Cannabis is legal in my state, but I got fired for using it. Do I have a chance to fight this?


Pot is legal in my state so can you tell me how I got fired for THC on my drug test last week?

I smoke grass in my house and on my own time and it’s none of my employer’s business. My buddies tell me I can sue my employer for violating my rights. Can I?


When you took your job, were you aware of your employer’s policies related to drug use. If so, and if your organization has a zero-tolerance policy regarding drug use, you probably don’t have a winnable lawsuit.

Cannabis is legal for adult use in 19 states and for medical use in 36 states. At the same time, the Supreme Courts in multiple states have ruled that an employer’s zero-tolerance drug policy allows employers to fire individuals who fail company-sponsored drug tests. As one example the Colorado Supreme Court ruled against an employee made quadriplegic by a car accident used marijuana to control leg spasms.

Although this employee insisted that he never used marijuana while at work, the employer fired him for testing positive. The employee argued he had protection under Colorado’s lawful activities statute. The Court noted that because marijuana is illegal under federal law, it couldn’t be considered a “lawful activity” under Colorado’s lawful activities statute.

Further, although many state medical marijuana laws create an affirmative defense against criminal prosecution for medically used marijuana, they do not give patients an affirmative right to use marijuana, which would protect an employee with a legitimate need from being fired.

The Colorado ruling was just one in a series of national decisions denying job protection to state-sanctioned medical marijuana users who medicate off-duty, and by extrapolation, to recreational marijuana users. Although Colorado’s law, like those of many other states, additionally legalized marijuana for recreational use, but allows employers to prohibit marijuana use by their employees.

If your state’s courts rule similarly to these other Supreme Courts, your employer’s policy likely trumps state laws allowing recreational marijuana use. While your buddies correctly believe employees can take their employers to court when employer policies violate employee rights under state law, they’re forgetting federal law. Federal law considers marijuana use illegal and defines marijuana as a Schedule I drug, with no acceptable medical use. The federal Controlled Substance Act pre-empts any provision of state law that conflicts with federal law.

Where does this leave you as an employee and your employer? Under many state’s laws, you can recreationally use a limited amount of marijuana in your own home. If your employer has a zero-tolerance drug policy, your private use can result in your being fired.

Meanwhile, some employers now omit THC from pre-employment drug screens and have modified their drug policies to allow exceptions for legal drug use. A case can be made that an employee’s occasional off-the-clock, recreational marijuana use doesn’t impact on-the-job performance.

Other employers hesitate to change their existing policies, fearing that any loosening of well-established polices may impact workplace safety. We’re urging our clients to review their policies, before they lose long-term, high-performing employees whose private marijuana use shows up in random or scheduled drug testing.

Meanwhile, the U.S. House of Representatives recently passed the MORE Act. If passed by the Senate, this bill would end the federal prohibition on cannabis by removing t from the list of banned controlled substances.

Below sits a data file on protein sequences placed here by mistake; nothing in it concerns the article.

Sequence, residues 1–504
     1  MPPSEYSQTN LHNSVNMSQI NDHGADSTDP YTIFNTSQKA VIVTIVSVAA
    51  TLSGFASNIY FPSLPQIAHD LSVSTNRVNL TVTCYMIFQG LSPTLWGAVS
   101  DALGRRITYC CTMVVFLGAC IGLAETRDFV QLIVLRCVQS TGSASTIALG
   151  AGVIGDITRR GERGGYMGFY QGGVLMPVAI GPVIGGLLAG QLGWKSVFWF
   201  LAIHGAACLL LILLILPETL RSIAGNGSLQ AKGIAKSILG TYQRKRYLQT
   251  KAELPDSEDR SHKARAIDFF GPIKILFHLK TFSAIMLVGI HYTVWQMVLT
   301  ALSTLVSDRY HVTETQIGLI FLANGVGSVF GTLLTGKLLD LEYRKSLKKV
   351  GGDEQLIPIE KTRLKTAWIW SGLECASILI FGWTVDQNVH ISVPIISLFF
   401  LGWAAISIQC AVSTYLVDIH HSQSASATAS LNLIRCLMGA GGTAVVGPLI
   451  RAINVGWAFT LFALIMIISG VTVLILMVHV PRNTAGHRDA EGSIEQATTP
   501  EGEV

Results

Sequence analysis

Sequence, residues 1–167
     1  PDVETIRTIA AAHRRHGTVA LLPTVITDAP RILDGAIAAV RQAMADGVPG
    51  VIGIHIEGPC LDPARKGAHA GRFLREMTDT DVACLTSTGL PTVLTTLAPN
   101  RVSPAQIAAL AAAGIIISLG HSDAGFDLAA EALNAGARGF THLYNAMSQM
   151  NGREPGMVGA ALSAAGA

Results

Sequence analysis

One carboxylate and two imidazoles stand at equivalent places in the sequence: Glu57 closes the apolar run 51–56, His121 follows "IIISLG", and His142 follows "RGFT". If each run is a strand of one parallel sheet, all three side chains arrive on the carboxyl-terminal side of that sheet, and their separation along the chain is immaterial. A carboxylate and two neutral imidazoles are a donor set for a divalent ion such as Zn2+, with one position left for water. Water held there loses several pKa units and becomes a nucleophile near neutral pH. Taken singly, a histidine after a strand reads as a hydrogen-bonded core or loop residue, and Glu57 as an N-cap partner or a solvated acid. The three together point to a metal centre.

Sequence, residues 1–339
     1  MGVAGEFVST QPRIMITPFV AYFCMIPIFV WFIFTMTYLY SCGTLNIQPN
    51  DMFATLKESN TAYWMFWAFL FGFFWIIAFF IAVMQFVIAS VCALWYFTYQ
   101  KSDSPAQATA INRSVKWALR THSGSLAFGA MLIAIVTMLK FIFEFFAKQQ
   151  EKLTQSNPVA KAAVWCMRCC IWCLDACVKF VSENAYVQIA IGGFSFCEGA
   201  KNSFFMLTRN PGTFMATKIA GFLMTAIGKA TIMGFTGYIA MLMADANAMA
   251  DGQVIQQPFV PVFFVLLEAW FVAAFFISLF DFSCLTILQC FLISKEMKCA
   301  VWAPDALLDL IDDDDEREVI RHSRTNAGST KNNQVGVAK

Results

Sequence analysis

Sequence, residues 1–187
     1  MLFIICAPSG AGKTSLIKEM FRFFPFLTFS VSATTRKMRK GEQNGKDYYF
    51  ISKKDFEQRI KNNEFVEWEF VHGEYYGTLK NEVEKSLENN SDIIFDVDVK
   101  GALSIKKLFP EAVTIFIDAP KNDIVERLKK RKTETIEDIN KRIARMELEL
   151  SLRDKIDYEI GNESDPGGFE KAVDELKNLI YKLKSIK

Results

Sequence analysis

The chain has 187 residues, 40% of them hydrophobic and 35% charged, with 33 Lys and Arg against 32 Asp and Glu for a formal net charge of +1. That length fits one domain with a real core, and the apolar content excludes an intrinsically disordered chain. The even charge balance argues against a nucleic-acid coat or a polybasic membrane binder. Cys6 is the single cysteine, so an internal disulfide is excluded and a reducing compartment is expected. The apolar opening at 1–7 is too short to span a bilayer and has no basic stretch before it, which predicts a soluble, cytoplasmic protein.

You don’t, however,  want to act ahead of this law.1


© 2022 Lynne Curry

3 thoughts on “Cannabis is legal in my state, but I got fired for using it. Do I have a chance to fight this?

  1. Thanks for this roundup of pros and cons of altering workplace policies against drug use for any reason, and thinks for explaining that employer policies that are clearly given to all employees can override state laws permitting recreational drug use. It would be good if the employer could find a way to permit carefully handled recreational drug use that is for medical symptoms and really relieves the symptoms.

  2. This entire subject certainly does create an interesting and potentially frustrating conundrum and conflict for many employees and employers.
    Some of the biggest potential conflicts will continue to exist even if the MORE act passes – unless the devil-details are addressed.
    DOT (Department of Transportation) has explicit ‘no-drug’ rules for truck, train and plane drivers; I’d add health care workers (doctors on call, nurses, medics), firefighters and cops to this list. Say what you may, I see NO ROOM FOR EXCEPTIONS for those and some other ‘safety sensitive’ employees.
    Even with ‘time out’ allowances – i.e. none used within XX hours of reporting for duty – certainly on-call would not be able to meet that consistently and ‘under the influence’ is under the influence…PERIOD! I have an inherent distrust for druggies and alcoholics to be honest with allowances. That’s based on my years of experience of dealing with some of them.

  3. Having worked construction in remote areas where doctors or medics were nonexistent, drug and alcohol use prior to or during work could be
    life threatening to the user or those around them.

    As an example, a journeyman crane operator was so hungover that his boom was not directly above a load he was lifting. The load swung towards a worker and knocked him off the lowboy. Luckily, he was not
    injured, but it cost the operator his job.

    Most fights were alcohol related. A dry and drug free camp makes some workers unhappy, but it contributes to a safer environment both on and off the job.

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